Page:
The new FAST EZ-EFI 2.0 system is starting to ship to customers, and at least one back-to-back dyno test has demonstrated the potential for an overall power increases in addition to benefitting from the self-learning tuning features on the EZ systems.
Butler Performance of Leoma, Tennessee, recently built a Pontiac 400 stroker engine for a customer’s street vehicle and performed A-B dyno tests with the original EZ-EFI and the new EZ-EFI 2. EngineLabs has previewed the new EZ-EFI 2 system from SEMA and PRI, and we have featured the installation of the original EZ-EFI.
Basically, the EZ-EFI 2 is a bolt-on throttle body with eight integrated injectors, good enough to support the airflow and fuel needs of a 1,200-horsepower engine. Controlling the fuel is a new ECU with self-tuning programming that allows fast startup and is always in a constant learning mode to provide optimum performance, fuel economy and drivability. The new FAST ECU will work either generation throttle body or an intake manifold set up with multi-port injection. It can also work with E85, if the fuel system is set up to handle ethanol. Installation takes about a day and requires an electric fuel pump and mounting location in the headers or exhaust downpipe for the O2 sensor.
“I don’t want to say the 2.0 will make more horsepower based on just one test,” notes David Butler. “We’ve built lots of engines with the original EZ-EFI and they work great. But with this particular engine and with these two EFI systems, the 2.0 made more power.”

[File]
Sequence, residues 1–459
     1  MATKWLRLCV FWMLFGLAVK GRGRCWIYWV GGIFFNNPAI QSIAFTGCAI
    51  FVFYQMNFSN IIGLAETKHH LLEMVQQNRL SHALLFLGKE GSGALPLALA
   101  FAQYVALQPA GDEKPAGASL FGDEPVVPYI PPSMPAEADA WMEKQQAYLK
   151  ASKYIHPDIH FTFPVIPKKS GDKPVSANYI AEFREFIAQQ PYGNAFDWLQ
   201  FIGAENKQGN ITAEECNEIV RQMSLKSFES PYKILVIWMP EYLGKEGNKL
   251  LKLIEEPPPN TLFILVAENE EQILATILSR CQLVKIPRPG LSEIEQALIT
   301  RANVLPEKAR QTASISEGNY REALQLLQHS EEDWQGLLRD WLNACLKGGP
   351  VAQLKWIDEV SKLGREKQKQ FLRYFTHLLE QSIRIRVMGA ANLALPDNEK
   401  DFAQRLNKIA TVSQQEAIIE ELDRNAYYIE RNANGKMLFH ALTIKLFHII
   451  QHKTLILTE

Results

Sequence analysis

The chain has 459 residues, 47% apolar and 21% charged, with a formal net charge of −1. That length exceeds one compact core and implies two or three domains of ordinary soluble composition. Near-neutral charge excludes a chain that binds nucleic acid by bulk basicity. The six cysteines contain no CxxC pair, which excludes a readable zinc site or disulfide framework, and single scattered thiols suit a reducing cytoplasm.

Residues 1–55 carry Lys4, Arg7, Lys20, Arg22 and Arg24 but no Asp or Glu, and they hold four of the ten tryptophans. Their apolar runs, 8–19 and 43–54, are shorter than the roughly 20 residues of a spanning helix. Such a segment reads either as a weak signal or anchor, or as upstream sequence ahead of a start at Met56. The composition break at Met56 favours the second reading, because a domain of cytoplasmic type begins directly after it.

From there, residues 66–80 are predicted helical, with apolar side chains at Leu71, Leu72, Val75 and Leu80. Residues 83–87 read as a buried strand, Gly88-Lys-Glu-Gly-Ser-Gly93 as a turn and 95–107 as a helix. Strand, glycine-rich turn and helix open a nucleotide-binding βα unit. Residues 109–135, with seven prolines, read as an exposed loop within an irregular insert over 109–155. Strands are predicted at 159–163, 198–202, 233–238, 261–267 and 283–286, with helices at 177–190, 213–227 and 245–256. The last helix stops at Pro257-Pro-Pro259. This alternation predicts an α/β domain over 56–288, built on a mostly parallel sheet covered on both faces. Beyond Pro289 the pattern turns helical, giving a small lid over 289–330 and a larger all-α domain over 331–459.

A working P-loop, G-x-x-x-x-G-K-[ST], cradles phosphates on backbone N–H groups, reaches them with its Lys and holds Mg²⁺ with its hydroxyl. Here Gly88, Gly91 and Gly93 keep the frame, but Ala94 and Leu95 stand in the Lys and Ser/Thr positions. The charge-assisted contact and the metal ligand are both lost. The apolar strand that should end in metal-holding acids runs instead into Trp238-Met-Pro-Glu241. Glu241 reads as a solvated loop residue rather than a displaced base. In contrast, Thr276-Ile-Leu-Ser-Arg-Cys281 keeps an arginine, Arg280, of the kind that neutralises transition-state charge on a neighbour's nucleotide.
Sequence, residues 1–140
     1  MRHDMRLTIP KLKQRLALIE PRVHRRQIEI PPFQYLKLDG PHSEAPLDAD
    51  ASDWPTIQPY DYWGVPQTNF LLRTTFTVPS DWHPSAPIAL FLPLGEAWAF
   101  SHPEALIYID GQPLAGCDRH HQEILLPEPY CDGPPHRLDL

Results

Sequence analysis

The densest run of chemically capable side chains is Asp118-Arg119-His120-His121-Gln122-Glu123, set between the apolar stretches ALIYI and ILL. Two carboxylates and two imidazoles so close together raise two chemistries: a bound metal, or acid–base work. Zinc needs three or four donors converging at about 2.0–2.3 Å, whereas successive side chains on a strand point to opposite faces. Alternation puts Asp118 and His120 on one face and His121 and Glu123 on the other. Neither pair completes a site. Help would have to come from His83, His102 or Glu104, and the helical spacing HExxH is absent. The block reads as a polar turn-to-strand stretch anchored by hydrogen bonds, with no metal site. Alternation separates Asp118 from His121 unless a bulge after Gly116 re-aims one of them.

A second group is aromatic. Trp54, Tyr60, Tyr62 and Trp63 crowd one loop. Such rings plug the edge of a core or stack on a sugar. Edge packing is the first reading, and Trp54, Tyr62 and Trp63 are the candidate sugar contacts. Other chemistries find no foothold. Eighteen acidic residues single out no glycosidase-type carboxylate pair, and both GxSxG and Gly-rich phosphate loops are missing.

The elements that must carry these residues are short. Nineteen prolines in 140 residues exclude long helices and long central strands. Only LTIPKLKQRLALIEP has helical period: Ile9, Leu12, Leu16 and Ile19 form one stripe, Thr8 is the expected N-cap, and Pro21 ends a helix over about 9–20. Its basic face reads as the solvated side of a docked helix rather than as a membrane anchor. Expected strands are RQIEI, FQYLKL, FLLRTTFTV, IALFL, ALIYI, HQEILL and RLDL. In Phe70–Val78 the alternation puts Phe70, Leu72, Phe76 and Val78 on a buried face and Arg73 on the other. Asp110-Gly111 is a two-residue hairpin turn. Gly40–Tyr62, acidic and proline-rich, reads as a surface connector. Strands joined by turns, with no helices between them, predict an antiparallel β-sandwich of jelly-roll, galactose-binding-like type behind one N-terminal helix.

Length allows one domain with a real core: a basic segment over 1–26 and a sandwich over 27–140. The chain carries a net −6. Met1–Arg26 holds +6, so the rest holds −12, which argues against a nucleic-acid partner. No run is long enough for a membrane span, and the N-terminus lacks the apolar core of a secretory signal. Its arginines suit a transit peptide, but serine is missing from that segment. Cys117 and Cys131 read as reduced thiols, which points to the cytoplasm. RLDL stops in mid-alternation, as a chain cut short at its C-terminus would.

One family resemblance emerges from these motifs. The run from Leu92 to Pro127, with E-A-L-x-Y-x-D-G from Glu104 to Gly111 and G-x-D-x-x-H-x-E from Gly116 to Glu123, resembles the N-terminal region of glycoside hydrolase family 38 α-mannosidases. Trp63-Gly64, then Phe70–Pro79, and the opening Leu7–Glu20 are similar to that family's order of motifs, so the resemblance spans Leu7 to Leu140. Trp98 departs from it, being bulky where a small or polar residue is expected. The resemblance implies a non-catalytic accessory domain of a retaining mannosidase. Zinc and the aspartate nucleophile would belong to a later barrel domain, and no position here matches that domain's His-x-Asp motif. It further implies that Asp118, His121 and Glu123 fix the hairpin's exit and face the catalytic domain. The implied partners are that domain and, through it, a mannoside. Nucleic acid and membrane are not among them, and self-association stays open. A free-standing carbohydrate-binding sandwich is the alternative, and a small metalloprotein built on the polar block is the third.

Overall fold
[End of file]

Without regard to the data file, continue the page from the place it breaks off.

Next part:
Baseline with the EZ-EFI 1.0 made 561 horsepower while the 2.0 system stepped up to 580 horsepower with 580 lb-ft peak torque.
“We’ve done back-to-back with the 1.0 and carburetors and they’re both pretty close,” adds Butler. “Depending on the application, normally you might find a little more peak power with a carb. But, again, I can’t imagine it will make more than the 2.0.”
The test engine is based on a 400 block with a 4.250-inch stroke crank, resulting in a final displacement of 461ci. Under the EZ throttle bodies were an Edelbrock Torker II intake and set of Edelbrock Performer RPM heads that Butler Performance massaged slightly to flow 315 cfm through the intake. Compression ratio is 10.5:1, and the tests were conducted with 93 octane pump gas.
“Cam was a hydraulic roller with duration in the 240s at .050, with lift around .540″ notes Butler.
Rodney Butler conducted the dyno tests at Butler Performance.
“It was up about 15 horsepower on the average,” he says. “It didn’t roll off on the way up to 6,300 rpm. The old system starts to roll off at 5,900 or 6,000. This one held the power at a higher rpm. I’m guessing it’s a better flowing throttle body and maybe better atomization with eight injectors.”
Butler also says the handheld color display was easy to use and notes the new system offers separate controls for timing and nitrous.
“We’ll be dyno’ing a 750-horsepower engine next,” adds Butler. “That will be a much better test for the 2.0.”